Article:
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From Henri Yandell <flame...@gmail.com>
Subject Re: [taglibs] Move to pre-req Java 1.6 for Locale services?
Date Mon, 17 Jan 2011 03:07:30 GMT
*nod*.

Why don't we go ahead and release and leave this for a bugfix/minor
release afterwards?

If we choose to move to JDK 1.6; there will be a 1.5 available for use
that can be branched for serious bugfixes. If we choose to implement
both, we can but it won't hold up any release. It also gives us
something to do after the release so we can move to a release-often
mantra.

Hen

On Sun, Jan 16, 2011 at 1:38 PM, Jeremy Boynes <jboynes@apache.org> wrote:
> It's not really bad code in 1.5 - 1.6 added the ability to dynamically support Locales
with the consequence of needing to scan the classpath for services when the locale is not
provided by the VM. It works fine when there's only a single Locale involved but falls short
when you're trying to best-match one of a set of Locales as there's no way to determine if
fallback has occurred (like you can with ResourceBundle#getLocale()).
>
> Supporting both JVMs can be done - it's just more work refactoring things out from being
built into the tag implementations.
>
> Another alternative would be to use Joda instead of the JVM date/time formatters. That
would also avoid the synchronization issues as Joda is thread safe; the downside is that it's
an external dependency. And we would still need a solution for numbers.
>
> On Jan 16, 2011, at 11:33 AM, Henri Yandell wrote:
>
>> As an alternative - can we implement this such that it uses this in
>> Java6 and falls back to the old bad code in 1.5 and before?
>>
>> On Tue, Jan 11, 2011 at 1:43 AM, Henri Yandell <flamefew@gmail.com> wrote:
>>> +1, Java 1.5 is EOL as you say.
>>>
>>> While Oracle are in the business of supporting the old versions when
>>> it gets painful, we're not.
>>>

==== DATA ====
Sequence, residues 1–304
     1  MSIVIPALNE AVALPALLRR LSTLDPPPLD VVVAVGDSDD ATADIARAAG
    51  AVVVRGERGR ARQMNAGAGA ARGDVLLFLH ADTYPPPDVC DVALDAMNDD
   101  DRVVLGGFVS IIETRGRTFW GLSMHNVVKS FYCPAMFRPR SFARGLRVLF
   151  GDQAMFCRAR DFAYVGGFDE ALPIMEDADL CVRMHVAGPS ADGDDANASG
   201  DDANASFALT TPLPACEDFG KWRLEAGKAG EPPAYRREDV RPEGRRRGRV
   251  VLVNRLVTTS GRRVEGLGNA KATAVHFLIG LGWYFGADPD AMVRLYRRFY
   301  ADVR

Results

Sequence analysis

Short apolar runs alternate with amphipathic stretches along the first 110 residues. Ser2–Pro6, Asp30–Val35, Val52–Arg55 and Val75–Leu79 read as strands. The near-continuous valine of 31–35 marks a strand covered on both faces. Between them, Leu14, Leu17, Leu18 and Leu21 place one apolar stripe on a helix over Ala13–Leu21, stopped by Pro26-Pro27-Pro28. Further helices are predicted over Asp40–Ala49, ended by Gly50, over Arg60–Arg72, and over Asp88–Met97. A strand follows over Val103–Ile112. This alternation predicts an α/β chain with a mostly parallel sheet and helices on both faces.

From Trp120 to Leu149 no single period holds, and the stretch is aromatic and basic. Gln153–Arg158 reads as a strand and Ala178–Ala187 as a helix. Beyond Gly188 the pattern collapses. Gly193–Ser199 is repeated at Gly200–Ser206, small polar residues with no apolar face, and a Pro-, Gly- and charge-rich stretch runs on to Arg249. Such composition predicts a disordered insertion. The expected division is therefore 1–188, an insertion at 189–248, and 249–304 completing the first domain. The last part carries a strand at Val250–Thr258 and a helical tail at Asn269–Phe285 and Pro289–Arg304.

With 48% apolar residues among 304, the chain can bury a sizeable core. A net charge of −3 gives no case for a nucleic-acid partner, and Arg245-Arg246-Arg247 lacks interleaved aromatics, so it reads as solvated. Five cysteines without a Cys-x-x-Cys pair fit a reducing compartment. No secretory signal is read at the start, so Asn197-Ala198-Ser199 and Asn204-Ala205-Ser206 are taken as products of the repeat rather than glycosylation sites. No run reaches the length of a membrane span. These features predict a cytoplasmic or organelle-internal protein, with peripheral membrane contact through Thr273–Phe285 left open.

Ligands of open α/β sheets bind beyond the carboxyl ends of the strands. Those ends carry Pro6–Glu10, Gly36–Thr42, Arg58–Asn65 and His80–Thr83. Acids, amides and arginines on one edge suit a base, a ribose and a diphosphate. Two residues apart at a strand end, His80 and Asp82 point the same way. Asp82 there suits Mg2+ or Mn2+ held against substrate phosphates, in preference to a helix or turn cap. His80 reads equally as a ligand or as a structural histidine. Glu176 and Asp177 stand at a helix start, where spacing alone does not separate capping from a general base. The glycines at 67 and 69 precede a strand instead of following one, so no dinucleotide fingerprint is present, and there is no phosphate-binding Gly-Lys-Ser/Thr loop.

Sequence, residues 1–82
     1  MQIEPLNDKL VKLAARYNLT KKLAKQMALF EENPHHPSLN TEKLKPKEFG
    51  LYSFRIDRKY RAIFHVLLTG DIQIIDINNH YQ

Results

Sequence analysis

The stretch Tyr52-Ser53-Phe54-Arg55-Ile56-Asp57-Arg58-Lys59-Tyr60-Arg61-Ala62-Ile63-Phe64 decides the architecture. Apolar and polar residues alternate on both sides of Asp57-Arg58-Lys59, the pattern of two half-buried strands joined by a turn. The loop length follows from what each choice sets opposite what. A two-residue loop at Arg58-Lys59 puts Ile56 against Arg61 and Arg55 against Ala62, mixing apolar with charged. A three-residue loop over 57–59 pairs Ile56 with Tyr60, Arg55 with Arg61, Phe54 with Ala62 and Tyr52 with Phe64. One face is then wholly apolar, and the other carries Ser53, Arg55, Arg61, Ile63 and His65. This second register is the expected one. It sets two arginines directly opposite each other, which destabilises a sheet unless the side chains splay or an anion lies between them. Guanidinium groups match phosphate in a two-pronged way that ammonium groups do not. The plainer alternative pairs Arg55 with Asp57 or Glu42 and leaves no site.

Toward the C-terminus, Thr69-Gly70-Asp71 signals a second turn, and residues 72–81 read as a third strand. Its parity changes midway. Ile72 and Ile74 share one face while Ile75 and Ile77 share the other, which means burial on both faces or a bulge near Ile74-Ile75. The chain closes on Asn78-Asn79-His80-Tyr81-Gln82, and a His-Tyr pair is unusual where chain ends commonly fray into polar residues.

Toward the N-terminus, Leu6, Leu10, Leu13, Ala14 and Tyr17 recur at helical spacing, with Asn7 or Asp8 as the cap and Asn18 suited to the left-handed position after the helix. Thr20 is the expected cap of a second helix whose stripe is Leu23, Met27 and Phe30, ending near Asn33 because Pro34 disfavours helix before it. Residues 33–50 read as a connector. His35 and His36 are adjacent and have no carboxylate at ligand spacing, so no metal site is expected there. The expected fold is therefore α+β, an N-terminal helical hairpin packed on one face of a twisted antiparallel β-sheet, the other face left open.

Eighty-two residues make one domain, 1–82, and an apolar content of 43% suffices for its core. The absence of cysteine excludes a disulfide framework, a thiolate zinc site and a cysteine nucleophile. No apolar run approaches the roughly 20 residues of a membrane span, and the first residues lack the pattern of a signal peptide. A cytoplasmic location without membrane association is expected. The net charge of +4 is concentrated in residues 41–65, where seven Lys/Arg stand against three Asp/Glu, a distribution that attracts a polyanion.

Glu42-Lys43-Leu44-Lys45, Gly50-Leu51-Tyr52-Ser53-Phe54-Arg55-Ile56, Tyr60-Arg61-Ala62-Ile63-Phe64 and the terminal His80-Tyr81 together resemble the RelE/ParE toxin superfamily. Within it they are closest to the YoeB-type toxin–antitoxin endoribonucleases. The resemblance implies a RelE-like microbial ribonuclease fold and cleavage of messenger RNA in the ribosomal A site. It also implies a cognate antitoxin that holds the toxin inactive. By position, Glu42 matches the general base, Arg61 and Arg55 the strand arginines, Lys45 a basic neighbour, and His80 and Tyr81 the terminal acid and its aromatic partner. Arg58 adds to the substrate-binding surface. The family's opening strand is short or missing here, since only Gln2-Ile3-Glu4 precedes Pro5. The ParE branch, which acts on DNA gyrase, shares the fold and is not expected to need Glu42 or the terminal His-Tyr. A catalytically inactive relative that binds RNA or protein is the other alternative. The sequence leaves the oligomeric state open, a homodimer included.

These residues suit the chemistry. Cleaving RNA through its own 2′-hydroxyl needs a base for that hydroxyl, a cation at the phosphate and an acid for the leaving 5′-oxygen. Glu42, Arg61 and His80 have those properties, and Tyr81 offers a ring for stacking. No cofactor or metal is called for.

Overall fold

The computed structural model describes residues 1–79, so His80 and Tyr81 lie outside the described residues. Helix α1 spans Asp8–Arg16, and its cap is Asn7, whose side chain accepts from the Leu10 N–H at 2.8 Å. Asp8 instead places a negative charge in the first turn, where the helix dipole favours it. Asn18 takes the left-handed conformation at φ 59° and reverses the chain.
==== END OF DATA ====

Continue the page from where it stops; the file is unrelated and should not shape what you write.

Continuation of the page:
>>> Hen
>>>
>>> On Sun, Jan 2, 2011 at 3:27 PM, Jeremy Boynes <jboynes@apache.org> wrote:
>>>> In Java6 support was added for LocaleServiceProviders that extend the Locales
supported by the java.text formatters. This causes #46052 as getAvailableLocales() now needs
to scan the entire classpath rather than just return the Locales built in to the JRE. It also
means we cannot continue to cache the returned set of Locales if the taglib is shared between
different applications (for example, in a JavaEE6 environment where the taglibs are supplied
by the container) as it will now vary with context ClassLoader.
>>>>
>>>> The java.text getInstance() methods work around this by not scanning the
classpath if a match is found with one of the built-in providers. We can use this method directly
if the context only requires a single Locale (either because we are using application-specified
Locales, or because the request only specified a single one, or because multiple ones in the
request match the resolution order (e.g. Firefox's "en-us,en").
>>>>
>>>> However, where a request specifies multiple Locales with different prefixes,
we still need to perform the matching ourselves as the JRE will *always* match something (at
least the ROOT Locale) but we cannot tell which. If we stick to using the 1.5 level API we
will trigger the uncacheable classpath scan on 1.6 level VMs; however, 1.6 provides the ServiceLoader#loadInstalled()
API which can be used to determine the locales installed in the JRE and hence avoid the application
classpath scan for JRE supplied locales (which are likely to be the most commonly used).
>>>>
>>>> As most users are likely to be running on 1.6 and we've not actually released
a version needing 1.5 and Sun's 1.5 is generally end-of-lifed, I'd like to propose solving
this with the 1.6 APIs and making it a pre-requisite. Any issue with this?
>>>>
>>>> Cheers
>>>> Jeremy
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>>>>
>>>>
>>>
>>
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>
>
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